Sept. 11 attacks prompted him to form Jazz For Peace

N.Y. jazz artist to perform at Friday concert

Sept. 11 attacks prompted him to form Jazz For Peace



ST. JOSEPH — New York jazz artist Rick Della Ratta believes that jazz is more than great music – it can be the instrument to bring people together by crossing cultural, religious and social barriers. His personal experiences during and after the Sept. 11, 2001, terrorist attacks less than a mile from his apartment in Manhattan led him to form Jazz For Peace, a band that has played more than 350 benefit concerts around the United States. At the first major Jazz For Peace concert, he said he led musicians from Israel, Palestine and the United States during a performance in front of the United Nations building in New York City in September 2002. Della Ratta will perform at 8:30 p.m. Friday at the Silver Beach Shadowland Pavilion in St. Joseph as part of the Southwest Michigan Symphony Orchestra’s summer series. Preconcert entertainment begins at 6 p.m. The symphony has performed an Independence Day concert for several years, and patrons had been asking if any more summer concerts were planned, said Sue Rue, office manager of the symphony. Friday’s concert is part of the symphony’s plans to expand its concert offerings, which now include the New Buffalo and Around Town series. “This is the first one of the new summer series, and hopefully we’ll have more next summer,” Rue said. Even though Friday’s performance is not a Jazz For Peace concert, Della Ratta said his message follows him wherever he goes – that the human race needs to unite to stop problems like global warming, disease and terrorism. And he believes that jazz can be one key to solving those problems. “I’ve realized that because of the times we’re in, it (jazz) has the ability to cross language barriers and unite people in a positive way,” he said in a telephone interview from New York. “It helps us to raise our social consciousness so we see that the gift for giving is our greatest privilege.” Della Ratta will perform Friday with four members of the

Southwest Michigan Symphony Orchestra and a local musician. Performing with him from the orchestra will be Charlie Ingrassia from Oakbrook, Ill., on bass; Mark Churchill of Kalamazoo on percussion; Steve Orejudos of Chicago on trumpet; and Joe Lekan of Kalamazoo on saxophone. Also performing with Della Ratta will be Todd Ohme of St. Joseph on drums. Pre-concert entertainment will feature Doug Fordyce’s Kids on Stage and pop vocalist Lance Moore of Stevensville. Kids on Stage is a local performing arts group for children in grades 1 through 10. The group will perform routines developed during its recent Summer Boot Camp. Moore has been a featured vocalist with Lake Michigan College’s Jazz Band and has performed at several local venues, including the Mendel Center in Benton Township, the Box Factory for the Arts in St. Joseph, the Livery in Benton Harbor and Czar’s 505 Club in St. Joseph. Ohme also will perform with Moore. Sponsors for the concert are Chemical Bank, COSY 98.3, the Cook Nuclear Plant, Evergreen Development Co. and Harbor Shores. Tickets are $ 15 in advance and $ 20 at the concert. They are available at Gallery on the Alley in downtown St. Joseph, and at Martin’s Supermarkets in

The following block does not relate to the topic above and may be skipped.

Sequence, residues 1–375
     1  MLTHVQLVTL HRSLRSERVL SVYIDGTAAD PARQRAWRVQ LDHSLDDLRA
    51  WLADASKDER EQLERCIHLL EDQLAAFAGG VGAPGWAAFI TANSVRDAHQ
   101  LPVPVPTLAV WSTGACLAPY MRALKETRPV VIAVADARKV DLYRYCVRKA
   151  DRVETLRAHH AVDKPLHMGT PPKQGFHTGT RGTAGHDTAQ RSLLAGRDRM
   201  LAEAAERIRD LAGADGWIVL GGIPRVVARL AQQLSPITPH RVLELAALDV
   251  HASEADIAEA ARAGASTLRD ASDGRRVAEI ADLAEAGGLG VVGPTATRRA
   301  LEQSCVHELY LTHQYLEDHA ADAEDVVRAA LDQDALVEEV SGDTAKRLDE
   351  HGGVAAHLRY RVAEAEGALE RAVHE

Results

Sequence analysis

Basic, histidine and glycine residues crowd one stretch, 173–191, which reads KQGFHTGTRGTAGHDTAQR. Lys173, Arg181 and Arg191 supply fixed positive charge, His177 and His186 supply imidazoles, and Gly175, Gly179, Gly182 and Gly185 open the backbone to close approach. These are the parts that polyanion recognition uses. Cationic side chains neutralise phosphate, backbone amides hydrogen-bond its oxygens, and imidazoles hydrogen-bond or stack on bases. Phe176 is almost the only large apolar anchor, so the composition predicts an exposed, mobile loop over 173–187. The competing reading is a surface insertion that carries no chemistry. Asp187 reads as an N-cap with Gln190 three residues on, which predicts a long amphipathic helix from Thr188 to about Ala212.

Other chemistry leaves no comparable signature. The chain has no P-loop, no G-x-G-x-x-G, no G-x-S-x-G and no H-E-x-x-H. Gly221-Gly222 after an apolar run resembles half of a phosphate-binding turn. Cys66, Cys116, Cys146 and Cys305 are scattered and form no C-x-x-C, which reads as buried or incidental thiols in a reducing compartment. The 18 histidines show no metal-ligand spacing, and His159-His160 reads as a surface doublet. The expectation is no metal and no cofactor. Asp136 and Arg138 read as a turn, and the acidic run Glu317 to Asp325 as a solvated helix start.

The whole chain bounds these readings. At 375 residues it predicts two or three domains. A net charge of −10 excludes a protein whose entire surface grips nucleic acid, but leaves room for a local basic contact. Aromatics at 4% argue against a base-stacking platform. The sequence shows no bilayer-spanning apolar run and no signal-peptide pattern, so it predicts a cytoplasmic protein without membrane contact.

Stevensville and St. Joseph. For more information and tickets, call the Southwest Michigan Symphony Orchestra at 982 4030. Della Ratta said he began his campaign to save the world through jazz because of his experiences after the Sept. 11 attacks. He said he lived less than a

mile from the World Trade Center towers, which were brought down by terrorists. There were tanks in the street in front of his apartment in the days after the attack to maintain order. He said he had to show his identification to get back into his own apartment after leaving for groceries. A childhood friend barely escaped the towers. Della Ratta said his friend was on the 95th floor of Tower 2 when the first plane hit Tower 1. His friend immediately started running down the steps and was on the

20th floor when the second plane hit Tower 2. Had his friend stayed on the 95th floor, Della Ratta said he would not have survived. As an outlet to the emotions he felt, Della Ratta wrote a poem he called “Jazz For Peace.” That led to him forming the musical group Jazz For Peace. More information on this group can be found at